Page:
Making Wind Energy Safer for Bats
When you think of people’s best friend, chances are you don’t think of bats. But maybe you should! Bats are one of nature’s most effective forms of pest control. They gobble up nocturnal insects, help farmers save money on pesticides by eating bugs that damage crops, and important food crops like bananas, cocoa, and agave (the key ingredient in tequila) rely on bats for pollination.
So bats are good for people. Wind energy is good for people, too. But is wind energy good for bats? The answer is yes, with an asterisk. Using wind energy reduces greenhouse gas emissions, which is good for bats, and it appears that wind energy doesn’t present a risk to most bat species. However, at certain times of the year, some species of bats in some regions are prone to having fatal interactions with wind turbines. Researchers have been trying to understand why certain bat species are at risk, and several hypotheses are being tested. “We need to think about bats not as a monolithic group, but rather as individual species, or similar species that share characteristics,” explained Dr. Amanda Hale, Associate Professor of Biology at Texas Christian University. “It would be a mistake to attribute the behavior of one bat species to all bat species of the same type.”
One thing is clear: to operate wind energy that is safer for bats, collaboration on assessing the risk and developing and applying solutions is key. And that collaboration is happening, with new data analysis tools and exciting technological advancements underway.
“Climate change is one of the greatest threats facing bats today,” said Dr. Cris Hein, former Director of the Wind Energy Program at Bat Conservation International. “We are concerned about the potential population-level impacts of wind energy development on some species, but at the same time, we recognize that wind energy presents one of the best hopes for reducing greenhouse gas emissions from power production. So we’re very focused on collaborating with others to find ways to make wind energy safer for those species of bats for which turbines are a problem.”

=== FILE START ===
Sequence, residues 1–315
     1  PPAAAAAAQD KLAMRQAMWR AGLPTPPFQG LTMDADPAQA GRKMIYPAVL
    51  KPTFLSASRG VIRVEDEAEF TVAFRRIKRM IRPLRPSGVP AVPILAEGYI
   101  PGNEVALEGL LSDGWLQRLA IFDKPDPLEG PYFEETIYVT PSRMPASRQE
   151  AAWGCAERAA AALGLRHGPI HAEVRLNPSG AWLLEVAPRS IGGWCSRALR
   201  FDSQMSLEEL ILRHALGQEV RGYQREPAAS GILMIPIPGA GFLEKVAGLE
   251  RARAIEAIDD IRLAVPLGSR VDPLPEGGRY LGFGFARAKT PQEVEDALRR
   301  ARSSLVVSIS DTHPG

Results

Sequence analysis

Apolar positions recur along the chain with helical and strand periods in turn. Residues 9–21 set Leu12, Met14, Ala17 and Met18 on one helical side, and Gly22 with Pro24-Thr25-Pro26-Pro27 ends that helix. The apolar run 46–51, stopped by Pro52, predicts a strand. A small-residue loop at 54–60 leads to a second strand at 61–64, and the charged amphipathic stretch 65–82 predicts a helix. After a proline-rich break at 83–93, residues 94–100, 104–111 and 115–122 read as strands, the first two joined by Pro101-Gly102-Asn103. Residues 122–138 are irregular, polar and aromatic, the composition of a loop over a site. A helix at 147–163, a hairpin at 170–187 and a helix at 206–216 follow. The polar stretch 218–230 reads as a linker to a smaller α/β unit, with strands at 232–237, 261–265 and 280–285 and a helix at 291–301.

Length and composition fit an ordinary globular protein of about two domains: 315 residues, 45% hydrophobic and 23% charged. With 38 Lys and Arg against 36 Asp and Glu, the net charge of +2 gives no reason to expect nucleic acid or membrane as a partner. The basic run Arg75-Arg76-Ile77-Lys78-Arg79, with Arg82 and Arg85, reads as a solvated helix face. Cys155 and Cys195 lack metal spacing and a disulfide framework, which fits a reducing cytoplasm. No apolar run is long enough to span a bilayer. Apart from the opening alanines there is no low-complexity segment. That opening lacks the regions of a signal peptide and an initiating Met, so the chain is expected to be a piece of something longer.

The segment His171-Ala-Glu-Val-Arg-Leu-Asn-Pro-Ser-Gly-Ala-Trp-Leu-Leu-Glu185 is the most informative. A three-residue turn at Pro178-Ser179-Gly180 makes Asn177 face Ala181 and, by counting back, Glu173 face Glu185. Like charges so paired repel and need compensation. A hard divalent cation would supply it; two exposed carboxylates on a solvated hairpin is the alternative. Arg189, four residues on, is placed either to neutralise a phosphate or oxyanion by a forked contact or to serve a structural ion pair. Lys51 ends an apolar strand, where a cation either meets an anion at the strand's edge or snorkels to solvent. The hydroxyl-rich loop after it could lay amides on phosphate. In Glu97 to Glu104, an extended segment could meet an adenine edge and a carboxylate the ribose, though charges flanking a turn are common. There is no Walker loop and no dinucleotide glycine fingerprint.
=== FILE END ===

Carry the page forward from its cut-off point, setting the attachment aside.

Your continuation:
Diving into the Data
The AWWIC database has been an important new step for improving of understanding why bat fatalities occur near and around wind farms. The first formal report based on AWWIC data, AWWI’s Bat Technical Report, confirmed that 72% of all recorded bat fatalities at wind farms were concentrated among just three species of migratory tree bats, and that the incidence of fatalities varied substantially by region. By providing a better representation of the shape of the problem and revealing its complexity, the report has yielded valuable insights, setting the foundation for understanding which species are at risk, where, and why.
Collaborating to Protect Bats
“An unexpected silver lining to this situation is that wind energy has benefited bat research,” reflected Dr. Hein, former Director of the Wind Energy Program at Bat Conservation International. “When people started trying to understand why and how bats were interacting with wind farms, it became clear that there were a lot of knowledge gaps. We have learned a lot more about bats as a direct result of the resources that have been put toward trying to solve these problems, and that learning continues.”
Stakeholders from the scientific, wind, and conservation communities have come together to tackle the problem head on. The Bats and Wind Energy Cooperative (BWEC) formed in 2003 for the express purpose of understanding the reasons behind turbine-related bat fatalities. Bat Conservation International is a founding member of BWEC.